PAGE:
God’s grace and mercy extended to the dead through offering of Masses
November 4, 2020
“We have loved them during life; let us not abandon them in death, until we have conducted them by our prayers into the house of the Lord.” – St. Ambrose
Catholics regularly pray for people who have died.
But in November, the Church gives special focus to the ancient practice, which includes having Masses offered for the dead.
The significance of the Mass offering is hard to overstate.
“The celebration of Holy Mass is as valuable as the death of Jesus on the cross,” St. Thomas Aquinas said.
Father Scott Hastings, Archbishop George J. Lucas’ vicar for clergy and judicial vicar, and Father James R. de Anda, a judge of the Metropolitan Tribunal for the archdiocese, would concur.
“What better can we do than offer Masses for people?” said Father Hastings. “It’s one of the tangible things we can do to assist people who go before us.”
In offering a Mass, the priest and congregation invoke God’s grace and mercy for a soul, and the graces from the Mass are applied to the deceased, Father de Anda said.
“When we’re praying for the deceased at Mass, we’re combining the two greatest commandments,” he said, to love God and neighbor.
The Catechism of the Catholic Church teaches: “From the beginning the Church has honored the memory of the dead and offered prayers in suffrage for them, above all the Eucharistic Sacrifice, so that, thus purified, they may attain the beatific vision of God” (no. 1032).
Offering Masses for the dead is, of course, based on the Church’s belief in purgatory.
“All who die in God’s grace and friendship, but still imperfectly purified, are indeed assured of their eternal salvation; but after death they undergo purification, so as to achieve the holiness necessary to enter the joy of heaven,” says the Catechism (no. 1030).
The notion of purgatory and offering prayers and Masses for the dead can be found in Scripture.
In the Old Testament Book of Maccabees, Judas Maccabeus offered prayers and sacrifices for the Jewish soldiers who had died wearing pagan amulets, which were forbidden by Jewish law.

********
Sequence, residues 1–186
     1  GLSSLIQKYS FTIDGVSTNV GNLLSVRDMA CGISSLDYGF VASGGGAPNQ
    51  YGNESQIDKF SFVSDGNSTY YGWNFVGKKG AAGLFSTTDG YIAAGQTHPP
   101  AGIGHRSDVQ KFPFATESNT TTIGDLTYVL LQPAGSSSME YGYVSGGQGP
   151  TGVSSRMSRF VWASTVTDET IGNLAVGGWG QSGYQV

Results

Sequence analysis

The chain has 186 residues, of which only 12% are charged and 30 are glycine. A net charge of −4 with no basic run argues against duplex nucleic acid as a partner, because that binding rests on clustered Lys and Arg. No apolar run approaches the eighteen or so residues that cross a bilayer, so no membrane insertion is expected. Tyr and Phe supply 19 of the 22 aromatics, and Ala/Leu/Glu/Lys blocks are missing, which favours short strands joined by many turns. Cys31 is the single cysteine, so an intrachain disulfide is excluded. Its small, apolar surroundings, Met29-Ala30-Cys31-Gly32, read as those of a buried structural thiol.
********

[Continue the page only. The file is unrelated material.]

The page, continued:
Jesus alludes to purgatory in a parable in the Gospel of Matthew: “Make friends quickly with your accuser, while you are going with him to court, lest your accuser hand you over to the judge, and the judge to the guard, and you be put in prison; truly I say to you, you will never get out till you have paid the last penny” (5:25-26).
The Book of Revelation says of heaven that “nothing unclean will enter it” (21:27).
St. Paul urges Christians to pray without ceasing, and that includes praying for the souls of the departed, Father de Anda said. “We need to pray for our deceased relatives and friends often,” he said, as well as for those who are living.
“Prayers for the poor souls are invaluable – and they will remember that,” never forgetting those who prayed for them, he said.
Masses offered for people who have died help the living as well. The offering of Masses “are a manifestation of our hope in the love and mercy of God, and we’re drawn into the graces and blessings,” Father de Anda said.
“We who intercede also receive God’s grace,” he said. Scripture tells of people who approached Jesus to intercede for others, “and the Lord’s graces transformed the grief of those individuals – and their lives were transformed as well.”
Offering Masses for loved ones helps support the survivors as they grieve and perhaps helps them find closure for words left unsaid, Father Hastings said. “You can come to the church and pray for that person a little bit.”
It’s customary to give an offering when requesting a Mass for an intention. In the Archdiocese of Omaha, that amount is typically $10. More or less could be offered, depending on one’s financial situation.
Masses typically are requested through parish offices, and can be done by email, phone or mail.